Microsoft Message Queuing on New Technology File System (NTFS) compressed volumes

Article:TECH38039  |  Created: 2006-01-11  |  Updated: 2006-01-11  |  Article URL http://www.symantec.com/docs/TECH38039
Article Type
Technical Solution

Environment

Issue



Microsoft Message Queuing on New Technology File System (NTFS) compressed volumes

Solution



While NTFS file system compression can save disk space, compressing data can adversely affect performance of VERITAS Enterprise Vault (tm), as well as general performance. NTFS compression has the following performance characteristics. When you copy or move a compressed NTFS file to a different folder, NTFS decompresses the file, copies or moves the file to the new location, and then re-compresses the file. This behavior occurs even when the file is copied or moved between folders on the same computer. Compressed files are also expanded before copying over the network, so NTFS compression does not save network bandwidth.

Because NTFS compression is processor-intensive, the performance cost is more noticeable on servers, which are frequently processor-bound. Heavily loaded servers with a lot of write traffic are poor candidates for data compression. However, you may not experience significant performance degradation with read-only, read-mostly, or lightly loaded servers.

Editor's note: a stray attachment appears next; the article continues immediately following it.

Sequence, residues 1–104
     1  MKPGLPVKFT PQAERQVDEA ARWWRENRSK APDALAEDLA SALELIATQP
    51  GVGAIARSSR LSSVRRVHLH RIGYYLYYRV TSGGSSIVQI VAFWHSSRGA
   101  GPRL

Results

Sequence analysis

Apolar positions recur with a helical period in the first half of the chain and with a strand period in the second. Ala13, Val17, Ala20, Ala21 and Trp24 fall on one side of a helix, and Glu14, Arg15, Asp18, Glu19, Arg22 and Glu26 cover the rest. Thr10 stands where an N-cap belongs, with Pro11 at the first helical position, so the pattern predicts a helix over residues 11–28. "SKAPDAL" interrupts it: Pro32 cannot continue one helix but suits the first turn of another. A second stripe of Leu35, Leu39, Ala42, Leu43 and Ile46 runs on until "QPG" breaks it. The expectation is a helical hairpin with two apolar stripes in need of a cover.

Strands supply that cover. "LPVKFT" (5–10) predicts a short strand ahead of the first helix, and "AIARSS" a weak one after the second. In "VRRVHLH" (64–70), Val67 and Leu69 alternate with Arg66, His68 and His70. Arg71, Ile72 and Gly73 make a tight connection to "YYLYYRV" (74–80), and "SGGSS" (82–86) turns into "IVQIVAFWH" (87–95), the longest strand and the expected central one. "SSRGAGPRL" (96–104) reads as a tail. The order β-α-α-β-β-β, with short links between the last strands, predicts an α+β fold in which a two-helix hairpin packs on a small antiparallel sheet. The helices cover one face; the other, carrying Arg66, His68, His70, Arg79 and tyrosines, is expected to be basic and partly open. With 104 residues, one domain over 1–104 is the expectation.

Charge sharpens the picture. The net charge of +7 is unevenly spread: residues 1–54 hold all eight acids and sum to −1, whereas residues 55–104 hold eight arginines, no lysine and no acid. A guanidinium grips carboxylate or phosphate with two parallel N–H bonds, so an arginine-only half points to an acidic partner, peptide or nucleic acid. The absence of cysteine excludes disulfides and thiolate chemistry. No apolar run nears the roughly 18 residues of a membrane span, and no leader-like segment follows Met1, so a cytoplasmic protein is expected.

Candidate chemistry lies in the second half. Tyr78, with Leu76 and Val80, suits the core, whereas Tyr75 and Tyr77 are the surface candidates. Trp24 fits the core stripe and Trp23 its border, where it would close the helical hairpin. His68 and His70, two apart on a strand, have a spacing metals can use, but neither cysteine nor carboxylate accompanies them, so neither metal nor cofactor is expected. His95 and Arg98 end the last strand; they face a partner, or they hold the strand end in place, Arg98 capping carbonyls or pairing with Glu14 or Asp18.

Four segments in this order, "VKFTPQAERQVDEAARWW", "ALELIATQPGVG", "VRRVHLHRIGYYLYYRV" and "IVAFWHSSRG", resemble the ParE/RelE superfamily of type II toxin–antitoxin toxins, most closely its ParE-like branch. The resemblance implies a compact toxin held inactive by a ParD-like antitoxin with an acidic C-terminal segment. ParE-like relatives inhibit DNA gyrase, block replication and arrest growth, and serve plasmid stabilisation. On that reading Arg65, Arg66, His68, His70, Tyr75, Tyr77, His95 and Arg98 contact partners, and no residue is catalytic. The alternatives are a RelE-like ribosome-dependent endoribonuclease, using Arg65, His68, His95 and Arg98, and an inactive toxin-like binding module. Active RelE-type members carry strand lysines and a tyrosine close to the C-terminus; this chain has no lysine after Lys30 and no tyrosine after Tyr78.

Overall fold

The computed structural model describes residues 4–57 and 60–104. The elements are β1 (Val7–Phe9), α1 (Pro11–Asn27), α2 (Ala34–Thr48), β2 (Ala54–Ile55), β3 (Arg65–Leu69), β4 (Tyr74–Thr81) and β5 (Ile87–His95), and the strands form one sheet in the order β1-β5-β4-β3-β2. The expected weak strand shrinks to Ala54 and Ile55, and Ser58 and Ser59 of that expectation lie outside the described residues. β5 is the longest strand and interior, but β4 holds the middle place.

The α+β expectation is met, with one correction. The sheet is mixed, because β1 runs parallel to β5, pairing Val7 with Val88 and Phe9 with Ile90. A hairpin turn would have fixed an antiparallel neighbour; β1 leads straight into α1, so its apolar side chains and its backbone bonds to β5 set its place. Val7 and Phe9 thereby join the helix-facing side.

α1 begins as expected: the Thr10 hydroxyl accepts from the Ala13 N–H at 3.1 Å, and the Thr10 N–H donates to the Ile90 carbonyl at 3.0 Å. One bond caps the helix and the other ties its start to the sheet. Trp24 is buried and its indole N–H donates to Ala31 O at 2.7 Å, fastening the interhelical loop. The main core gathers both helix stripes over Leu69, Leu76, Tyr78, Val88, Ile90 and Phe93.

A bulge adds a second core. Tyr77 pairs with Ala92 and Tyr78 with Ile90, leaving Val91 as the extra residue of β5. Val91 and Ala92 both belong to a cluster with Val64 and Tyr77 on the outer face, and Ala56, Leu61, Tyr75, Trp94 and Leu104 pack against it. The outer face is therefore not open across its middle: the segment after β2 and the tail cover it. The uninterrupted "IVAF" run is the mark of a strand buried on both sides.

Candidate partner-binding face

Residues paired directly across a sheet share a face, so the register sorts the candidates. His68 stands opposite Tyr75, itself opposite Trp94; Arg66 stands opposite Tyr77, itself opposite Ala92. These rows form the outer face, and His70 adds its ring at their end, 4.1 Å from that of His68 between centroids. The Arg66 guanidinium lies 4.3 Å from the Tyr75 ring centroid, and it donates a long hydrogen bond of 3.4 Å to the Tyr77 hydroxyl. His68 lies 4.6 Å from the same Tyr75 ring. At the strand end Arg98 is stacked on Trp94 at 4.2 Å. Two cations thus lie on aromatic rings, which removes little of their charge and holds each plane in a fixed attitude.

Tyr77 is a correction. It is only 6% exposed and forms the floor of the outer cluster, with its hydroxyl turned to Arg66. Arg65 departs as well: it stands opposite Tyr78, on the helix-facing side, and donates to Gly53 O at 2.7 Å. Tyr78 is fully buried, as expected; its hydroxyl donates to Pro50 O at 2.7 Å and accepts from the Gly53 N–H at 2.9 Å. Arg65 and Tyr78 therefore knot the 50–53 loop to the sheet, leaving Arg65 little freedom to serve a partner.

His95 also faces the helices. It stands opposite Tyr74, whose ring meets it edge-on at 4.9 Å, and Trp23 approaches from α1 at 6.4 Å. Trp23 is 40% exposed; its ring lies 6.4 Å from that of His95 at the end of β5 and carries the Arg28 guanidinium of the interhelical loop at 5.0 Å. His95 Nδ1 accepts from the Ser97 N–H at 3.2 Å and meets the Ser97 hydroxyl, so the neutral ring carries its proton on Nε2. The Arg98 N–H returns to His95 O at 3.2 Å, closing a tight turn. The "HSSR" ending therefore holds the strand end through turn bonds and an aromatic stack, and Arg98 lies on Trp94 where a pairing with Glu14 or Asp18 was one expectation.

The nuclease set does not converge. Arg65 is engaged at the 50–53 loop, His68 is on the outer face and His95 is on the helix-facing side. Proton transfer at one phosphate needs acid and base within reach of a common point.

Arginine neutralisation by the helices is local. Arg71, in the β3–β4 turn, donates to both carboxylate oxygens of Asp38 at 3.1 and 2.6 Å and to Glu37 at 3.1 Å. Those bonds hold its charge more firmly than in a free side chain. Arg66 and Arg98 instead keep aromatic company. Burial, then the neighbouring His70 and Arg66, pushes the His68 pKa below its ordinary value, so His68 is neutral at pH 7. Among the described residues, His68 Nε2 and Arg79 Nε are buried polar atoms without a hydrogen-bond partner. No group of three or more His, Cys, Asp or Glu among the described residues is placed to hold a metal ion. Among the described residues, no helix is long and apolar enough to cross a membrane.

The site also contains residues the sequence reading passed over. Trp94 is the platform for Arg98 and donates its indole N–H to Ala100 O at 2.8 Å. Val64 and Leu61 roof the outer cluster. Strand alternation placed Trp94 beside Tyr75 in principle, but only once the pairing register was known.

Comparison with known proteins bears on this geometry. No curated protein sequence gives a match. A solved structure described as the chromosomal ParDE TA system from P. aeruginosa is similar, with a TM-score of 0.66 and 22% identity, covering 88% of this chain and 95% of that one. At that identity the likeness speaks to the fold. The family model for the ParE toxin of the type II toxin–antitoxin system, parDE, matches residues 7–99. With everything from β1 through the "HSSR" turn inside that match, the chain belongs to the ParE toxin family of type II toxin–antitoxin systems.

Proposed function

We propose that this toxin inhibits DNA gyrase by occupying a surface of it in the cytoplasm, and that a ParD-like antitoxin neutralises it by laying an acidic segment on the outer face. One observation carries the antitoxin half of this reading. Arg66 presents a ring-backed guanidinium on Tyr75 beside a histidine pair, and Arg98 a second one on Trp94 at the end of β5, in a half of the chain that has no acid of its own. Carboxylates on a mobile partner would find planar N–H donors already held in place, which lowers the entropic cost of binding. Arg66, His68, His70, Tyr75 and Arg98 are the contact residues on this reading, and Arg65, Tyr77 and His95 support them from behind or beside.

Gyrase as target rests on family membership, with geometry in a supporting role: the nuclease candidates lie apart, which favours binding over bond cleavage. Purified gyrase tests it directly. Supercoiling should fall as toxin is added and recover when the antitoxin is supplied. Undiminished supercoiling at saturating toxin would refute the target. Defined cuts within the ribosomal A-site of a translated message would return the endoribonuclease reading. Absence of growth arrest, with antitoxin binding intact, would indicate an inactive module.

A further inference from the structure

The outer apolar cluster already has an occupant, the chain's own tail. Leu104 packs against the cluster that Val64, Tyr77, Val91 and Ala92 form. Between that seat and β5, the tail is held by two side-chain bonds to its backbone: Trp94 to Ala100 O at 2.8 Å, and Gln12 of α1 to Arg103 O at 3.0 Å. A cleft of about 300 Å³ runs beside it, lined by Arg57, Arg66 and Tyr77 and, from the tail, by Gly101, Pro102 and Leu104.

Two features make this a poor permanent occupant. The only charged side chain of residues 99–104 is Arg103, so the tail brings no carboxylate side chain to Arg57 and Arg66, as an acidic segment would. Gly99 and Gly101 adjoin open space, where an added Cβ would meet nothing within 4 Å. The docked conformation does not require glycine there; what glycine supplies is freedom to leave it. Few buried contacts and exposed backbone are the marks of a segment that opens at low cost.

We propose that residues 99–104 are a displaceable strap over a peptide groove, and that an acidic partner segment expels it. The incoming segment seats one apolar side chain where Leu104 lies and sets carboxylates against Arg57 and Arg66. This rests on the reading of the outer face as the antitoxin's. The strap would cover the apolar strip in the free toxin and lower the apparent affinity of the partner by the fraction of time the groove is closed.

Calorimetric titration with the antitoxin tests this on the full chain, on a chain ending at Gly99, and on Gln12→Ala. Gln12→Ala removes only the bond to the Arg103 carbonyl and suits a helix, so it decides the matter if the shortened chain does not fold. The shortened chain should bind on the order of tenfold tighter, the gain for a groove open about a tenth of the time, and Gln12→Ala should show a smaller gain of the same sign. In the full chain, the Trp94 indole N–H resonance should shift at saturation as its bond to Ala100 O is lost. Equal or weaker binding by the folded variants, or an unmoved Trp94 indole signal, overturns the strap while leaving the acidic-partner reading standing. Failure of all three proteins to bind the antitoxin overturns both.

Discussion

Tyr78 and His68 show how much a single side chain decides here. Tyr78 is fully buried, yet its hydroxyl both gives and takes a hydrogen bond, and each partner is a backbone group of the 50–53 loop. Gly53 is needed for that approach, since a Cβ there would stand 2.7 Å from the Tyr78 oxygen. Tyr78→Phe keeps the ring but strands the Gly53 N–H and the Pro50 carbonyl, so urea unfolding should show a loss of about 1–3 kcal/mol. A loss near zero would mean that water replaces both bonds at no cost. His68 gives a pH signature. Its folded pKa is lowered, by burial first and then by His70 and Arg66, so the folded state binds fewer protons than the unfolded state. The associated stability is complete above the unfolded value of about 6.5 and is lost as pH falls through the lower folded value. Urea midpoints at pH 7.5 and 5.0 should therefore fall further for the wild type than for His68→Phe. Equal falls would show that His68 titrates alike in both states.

If you run a program that uses transaction logging and that constantly writes to a database or log, configure the program to store its files on a volume that is not compressed. If a program modifies data through mapped sections in a compressed file, the program can produce "dirty" pages faster than the mapped writer can write them. Programs such as Microsoft Message Queuing (MSMQ) do not work with NTFS compression because of this issue.

Because User home folders and roaming profiles use a large number of read and write operations, Microsoft recommends that you put user home folders and roaming profiles on a volume that does not use NTFS compression.

For additional information, refer to the "File and Folder Compression" and "Compression Performance" sections in the Microsoft Windows 2000 Resource Kit.




Legacy ID



276027


Article URL http://www.symantec.com/docs/TECH38039


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